Is this the end of the concordat?
So poor Fiona Hyslop has paid the price of a central failure in SNP policy. I wish her well.
When the SNP Government announced its "historic concordat" with local government to usher in a new era of good relations, I told the colleague next to me in Parliament that it wouldn't last.
Probably every new government seeks a new cordial relationship with local government; very few leave office with that being the case. It is in the nature of things that priorities can differ at local and national level.
With local government being blamed for the catastrophic fall in teacher numbers, it looks like the end of the current concordat. It appears Mike Russell has been brought in as the new Education Secretary to "do" local government and strip them of their education responsibilities. But, if the SNP want to see where the blame for the failure lies, they need only look in the mirror.
When I became Education Minister in 2003, I inherited the commitment to deliver 53,000 teachers. My senior civil servants didn't hide the difficulty of achieving the target. But there was clear purpose to our plans - education was the basis on which opportunity for individuals and national success would be built. Increasing teacher numbers when pupil numbers were falling produced a historic opportunity to target resources around those the current system was failing.
I had to drive that policy, secure the funds and, with my officials, negotiate the extra training places in universities, find the new placements for trainee teachers, gear up the induction programme and ensure the cash we were giving got to schools.
The target was met. It is incompetence of staggering proportions that has seen the SNP Government preside over the reversal of almost all that good work in just two short years.
The answer is not to take away all local responsibility for education: it is for the SNP Government to recognise the naive and catastrophic errors in its policy.
While I was driving the progress to recruit and train more teachers, I was well aware of support among the education leaders within councils. We were delivering cash to their service. I was equally aware of a different view among a number of council leaders who believed education had done well from the Labour-led Scottish Government and it was now time to give other services more cash. This view revealed little understanding of how we saw strengthening education as a clear national priority.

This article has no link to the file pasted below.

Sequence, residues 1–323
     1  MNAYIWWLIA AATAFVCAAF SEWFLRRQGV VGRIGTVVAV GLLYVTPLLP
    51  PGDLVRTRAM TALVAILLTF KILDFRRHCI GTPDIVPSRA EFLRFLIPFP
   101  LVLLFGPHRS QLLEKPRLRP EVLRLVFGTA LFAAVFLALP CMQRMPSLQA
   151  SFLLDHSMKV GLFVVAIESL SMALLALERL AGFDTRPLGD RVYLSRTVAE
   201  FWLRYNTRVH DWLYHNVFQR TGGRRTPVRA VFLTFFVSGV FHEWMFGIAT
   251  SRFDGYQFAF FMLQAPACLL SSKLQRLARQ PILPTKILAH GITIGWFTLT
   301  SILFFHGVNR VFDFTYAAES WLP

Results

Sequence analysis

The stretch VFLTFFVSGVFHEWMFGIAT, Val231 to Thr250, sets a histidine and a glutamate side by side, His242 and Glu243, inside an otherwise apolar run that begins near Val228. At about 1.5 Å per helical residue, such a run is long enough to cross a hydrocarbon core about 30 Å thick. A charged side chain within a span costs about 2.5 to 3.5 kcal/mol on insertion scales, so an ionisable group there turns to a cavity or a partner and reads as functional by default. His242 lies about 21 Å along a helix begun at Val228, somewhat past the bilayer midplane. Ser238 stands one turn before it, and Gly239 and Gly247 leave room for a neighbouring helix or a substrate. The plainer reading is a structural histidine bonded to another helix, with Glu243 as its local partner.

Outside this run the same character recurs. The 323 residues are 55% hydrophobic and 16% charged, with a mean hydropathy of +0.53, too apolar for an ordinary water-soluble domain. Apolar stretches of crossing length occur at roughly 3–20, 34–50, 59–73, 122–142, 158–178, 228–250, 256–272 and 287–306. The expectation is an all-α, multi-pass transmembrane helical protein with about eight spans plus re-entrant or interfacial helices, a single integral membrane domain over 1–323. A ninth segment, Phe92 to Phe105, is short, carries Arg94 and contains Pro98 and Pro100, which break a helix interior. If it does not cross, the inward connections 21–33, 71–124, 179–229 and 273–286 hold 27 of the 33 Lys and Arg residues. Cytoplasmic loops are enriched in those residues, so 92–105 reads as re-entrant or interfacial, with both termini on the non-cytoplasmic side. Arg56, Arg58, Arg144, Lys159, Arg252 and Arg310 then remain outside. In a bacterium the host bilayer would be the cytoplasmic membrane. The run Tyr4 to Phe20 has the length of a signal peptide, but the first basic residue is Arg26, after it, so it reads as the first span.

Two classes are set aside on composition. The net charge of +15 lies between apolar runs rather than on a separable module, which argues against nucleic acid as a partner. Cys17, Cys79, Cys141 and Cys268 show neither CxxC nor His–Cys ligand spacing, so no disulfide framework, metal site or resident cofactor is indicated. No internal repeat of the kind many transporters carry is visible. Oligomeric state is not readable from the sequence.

Many council leaders were unhappy with the way we constructed the finance, which meant the extra money had to go to schools. If that was not the case, what would have been the point of me adding cash to the budgets of education departments, if money in equal measure was being taken out of those budgets for other things?
If council leaders didn't share our priority for education, there was little to make me believe they would have delivered without the financial mechanisms we put in place. The stark failure on teacher numbers by the SNP Government is continuing evidence of the short-changing of councils in recent budget settlements and clear evidence that giving up the policy levers to deliver a national commitment has been a massive error.
There is a real challenge for any government that can only deliver its priorities through others. That is why most societies have a mix of local funds spent entirely at the discretion of the local authority and some central government funds with strings attached, to ensure delivery of key national objectives.
Within that territory lies inevitable tension, and that is in the nature of central and local government relations internationally. When the pendulum swings to local government, central governments have difficulty delivering - witness teacher numbers. When the pendulum swings to central government, you are in danger of losing diversity, innovation and necessary fine-tuning in the application of policy to meet diverse local circumstances.
In their rush to blame local government for their own policy failings, the SNP is in danger of making as catastrophic an error as that of investing everything in their "historic concordat". Maybe the SNP achieved from the concordat what it set out to achieve: the ability to blame local government for everything bad, yet take the credit for anything good. When not blaming Westminster, blame the councils.
The local authority leaders should have seen that coming a mile off and never signed up to the disastrous arrangement from which, just maybe, they will lose their biggest role in our local communities.
I would have little reservation in reducing the number of education authorities and extending the ability of the dozen or so really capable education leaders to provide the inspired local leadership the system needs. I believe a case can be made for 100 per cent of education funding coming from central government, while continuing much local decision- making.
The focus locally should be on more devolution to headteachers and on where real discretion can be exercised locally - not pretending that, in a system with national expectations and standards, everything is a matter of local discretion. Such a system would bring the added advantage of reducing the level of the council tax.
If the slide in teacher numbers is to be arrested and reversed, it is in the hands of the SNP Government to do so. It is their choice and their responsibility, and there is no need to end local responsibilities on the way.
Peter Peacock was Education Minister in the previous LabourLiberal Democrat administration.